If two or more anticonvulsants have not been sufficiently effective, we may combine anticonvulsants or add an antipsychotic.

Antidepressants

The anti-manic medications are often not as effective for bipolar depression, so we may add an antidepressant. These may speed up the rate of cycling so we use them with caution.

Prepubertal depression may is sometimes the first manifestation of a bipolar depression. Sometimes treating a child with an antidepressant may precipitate a manic or rapid cycling phase. It is important to ask about a family history of bipolar disorder.

If a child is depressed and has a strong family history of bipolar disorder, we may start treatment with a mood stabilizer before starting an antidepressant. We warn the parents to look for signs of a developing mania.

Antipsychotics

These may be useful for acute mania because they work fast. We also use them in psychotic depression. The atypical antipsychotics can be effective by themselves in mania. The FDA has approved risperidone for children and adolescents with aggressive, agitated behavior associated with autism. There is some suggestion that children and adolescents may be more susceptible weight gain associated with these medications.


Early Onset-Schizophrenia

This is a relatively rare diagnosis. Children or young adolescents who appear to have schizophrenia should receive an thorough neurological, medical and psychiatric evaluation. The older antipsychotics, such as haloperidol and thioridazine have been effective treatments but have significant short-term and long term side effects are problematic. Early-onset side effects included extrapyramidal symptoms (muscle stiffness and rigidity.) Long term side effects included abnormal movements, called dyskinesias. Sometimes these abnormal movements could become permanent. Further, the older antipsychotics were helpful for the positive symptoms of schizophrenia such as agitation and hallucinations. These older medications were not as good at addressing the negative symptoms social withdrawal and emotional blunting. The newer, atypical antipsychotics include risperidone, olanzapine and others. They are less likely to cause the stiffness and the abnormal movements. However, their side effects include sedation and weight gain.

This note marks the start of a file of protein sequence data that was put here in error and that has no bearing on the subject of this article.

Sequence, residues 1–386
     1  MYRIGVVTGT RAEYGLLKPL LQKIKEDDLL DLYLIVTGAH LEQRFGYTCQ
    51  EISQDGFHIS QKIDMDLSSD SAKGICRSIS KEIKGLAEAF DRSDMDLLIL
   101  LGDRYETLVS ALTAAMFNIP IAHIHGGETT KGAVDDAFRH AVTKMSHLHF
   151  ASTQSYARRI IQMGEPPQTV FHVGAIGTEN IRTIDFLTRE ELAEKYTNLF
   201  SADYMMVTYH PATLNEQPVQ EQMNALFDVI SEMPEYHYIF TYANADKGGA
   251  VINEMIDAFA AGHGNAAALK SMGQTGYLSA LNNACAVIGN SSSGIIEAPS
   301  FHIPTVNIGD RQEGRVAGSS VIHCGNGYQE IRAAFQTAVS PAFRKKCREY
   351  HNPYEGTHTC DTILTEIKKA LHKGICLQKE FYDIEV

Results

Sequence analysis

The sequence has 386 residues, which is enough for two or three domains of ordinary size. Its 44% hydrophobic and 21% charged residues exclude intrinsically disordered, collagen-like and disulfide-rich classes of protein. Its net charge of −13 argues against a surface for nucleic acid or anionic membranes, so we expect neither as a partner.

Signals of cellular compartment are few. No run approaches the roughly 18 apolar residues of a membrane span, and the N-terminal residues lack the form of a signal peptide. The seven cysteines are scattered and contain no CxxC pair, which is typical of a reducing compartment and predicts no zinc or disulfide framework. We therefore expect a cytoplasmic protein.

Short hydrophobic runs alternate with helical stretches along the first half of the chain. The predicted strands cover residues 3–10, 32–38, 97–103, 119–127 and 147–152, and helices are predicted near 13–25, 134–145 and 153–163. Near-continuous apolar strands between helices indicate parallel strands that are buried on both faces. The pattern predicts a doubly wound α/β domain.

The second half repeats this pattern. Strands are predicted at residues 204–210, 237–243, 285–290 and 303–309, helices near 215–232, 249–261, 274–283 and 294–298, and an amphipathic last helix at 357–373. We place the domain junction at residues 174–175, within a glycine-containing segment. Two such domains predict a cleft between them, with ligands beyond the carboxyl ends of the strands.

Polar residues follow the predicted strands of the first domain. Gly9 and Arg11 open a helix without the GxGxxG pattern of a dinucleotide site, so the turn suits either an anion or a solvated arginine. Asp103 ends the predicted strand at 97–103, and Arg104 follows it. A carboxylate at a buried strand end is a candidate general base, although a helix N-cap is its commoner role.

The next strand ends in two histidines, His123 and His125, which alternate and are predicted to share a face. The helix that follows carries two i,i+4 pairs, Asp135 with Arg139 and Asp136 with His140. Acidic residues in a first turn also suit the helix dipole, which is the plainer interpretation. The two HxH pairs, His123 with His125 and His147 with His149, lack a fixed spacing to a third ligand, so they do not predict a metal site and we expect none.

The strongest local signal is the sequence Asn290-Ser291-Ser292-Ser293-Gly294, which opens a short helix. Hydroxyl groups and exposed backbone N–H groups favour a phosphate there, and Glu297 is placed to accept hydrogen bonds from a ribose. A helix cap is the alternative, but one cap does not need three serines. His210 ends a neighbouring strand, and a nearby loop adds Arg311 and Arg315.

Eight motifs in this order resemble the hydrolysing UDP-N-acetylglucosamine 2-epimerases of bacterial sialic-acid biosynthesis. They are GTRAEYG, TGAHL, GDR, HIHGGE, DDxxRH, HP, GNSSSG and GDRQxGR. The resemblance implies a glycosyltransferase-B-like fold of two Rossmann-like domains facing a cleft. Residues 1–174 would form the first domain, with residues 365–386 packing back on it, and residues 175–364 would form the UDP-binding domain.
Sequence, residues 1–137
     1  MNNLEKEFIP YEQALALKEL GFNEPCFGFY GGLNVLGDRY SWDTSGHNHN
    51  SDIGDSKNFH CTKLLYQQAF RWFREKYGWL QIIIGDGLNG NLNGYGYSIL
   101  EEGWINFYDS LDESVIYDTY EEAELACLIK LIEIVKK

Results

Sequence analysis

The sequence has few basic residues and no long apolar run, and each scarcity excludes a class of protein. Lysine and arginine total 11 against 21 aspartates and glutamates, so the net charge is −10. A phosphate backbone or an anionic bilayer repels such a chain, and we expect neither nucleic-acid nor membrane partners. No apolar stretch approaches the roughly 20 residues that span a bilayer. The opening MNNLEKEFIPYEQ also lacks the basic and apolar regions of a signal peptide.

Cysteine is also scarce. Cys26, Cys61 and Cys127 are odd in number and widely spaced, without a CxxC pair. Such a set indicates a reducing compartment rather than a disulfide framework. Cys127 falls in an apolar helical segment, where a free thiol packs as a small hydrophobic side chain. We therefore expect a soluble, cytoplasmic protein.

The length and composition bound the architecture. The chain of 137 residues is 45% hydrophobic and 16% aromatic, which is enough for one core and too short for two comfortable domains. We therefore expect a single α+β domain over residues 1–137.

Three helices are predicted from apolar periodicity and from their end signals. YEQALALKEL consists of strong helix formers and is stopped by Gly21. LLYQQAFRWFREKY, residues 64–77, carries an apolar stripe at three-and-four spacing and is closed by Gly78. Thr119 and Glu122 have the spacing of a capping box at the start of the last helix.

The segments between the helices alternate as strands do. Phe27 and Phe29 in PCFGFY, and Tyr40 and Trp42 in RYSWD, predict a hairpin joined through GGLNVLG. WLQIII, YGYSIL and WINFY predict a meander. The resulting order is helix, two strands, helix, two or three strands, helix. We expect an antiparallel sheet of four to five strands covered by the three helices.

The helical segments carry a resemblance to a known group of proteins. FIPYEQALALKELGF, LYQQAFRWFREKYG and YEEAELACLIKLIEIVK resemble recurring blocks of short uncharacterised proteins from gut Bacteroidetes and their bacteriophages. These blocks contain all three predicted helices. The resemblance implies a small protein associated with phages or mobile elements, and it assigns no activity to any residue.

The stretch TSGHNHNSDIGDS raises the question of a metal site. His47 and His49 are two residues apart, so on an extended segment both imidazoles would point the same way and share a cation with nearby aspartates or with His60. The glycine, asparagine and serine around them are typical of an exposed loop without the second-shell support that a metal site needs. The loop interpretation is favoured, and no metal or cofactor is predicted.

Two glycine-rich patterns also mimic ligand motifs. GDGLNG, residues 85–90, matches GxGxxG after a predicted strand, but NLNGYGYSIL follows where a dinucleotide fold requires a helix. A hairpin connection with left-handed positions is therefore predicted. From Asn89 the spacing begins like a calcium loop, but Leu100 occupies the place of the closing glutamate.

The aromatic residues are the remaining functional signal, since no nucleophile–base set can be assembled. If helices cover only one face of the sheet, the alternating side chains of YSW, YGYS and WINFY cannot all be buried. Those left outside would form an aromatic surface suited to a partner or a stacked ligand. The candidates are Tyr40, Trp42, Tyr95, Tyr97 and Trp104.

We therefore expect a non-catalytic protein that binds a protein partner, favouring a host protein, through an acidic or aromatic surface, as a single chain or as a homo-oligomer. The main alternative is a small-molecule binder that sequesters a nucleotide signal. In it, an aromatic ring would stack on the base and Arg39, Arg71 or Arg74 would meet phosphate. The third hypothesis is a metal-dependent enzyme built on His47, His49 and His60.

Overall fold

Intermittent Explosive Disorder

It is important to look carefully at this diagnosis. Does this child have bipolar disorder, AD/HD, Pervasive Developmental Disorder or another diagnosis? Is there a neurological cause?

We may use a mood stabilizer, a stimulant or an antipsychotic. Response to a mood stabilizer does not mean that the individual has a bipolar disorder and response to a stimulant does not mean that the individual has AD/HD.

Northern County Psychiatric Associates


Our practice has experience in the treatment of Attention Deficit disorder (ADD or AD/HD), Depression, Separation Anxiety Disorder, Obsessive-Compulsive Disorder, and other psychiatric conditions.

We are located in Northern Baltimore County and serve the Baltimore County, Carroll County and Harford County areas in Maryland. Since we are near the Pennsylvania border, we also serve the York County area.

Our services include psychotherapy, psychiatric evaluations, medication management, and family therapy. We treat children, adults, and the elderly.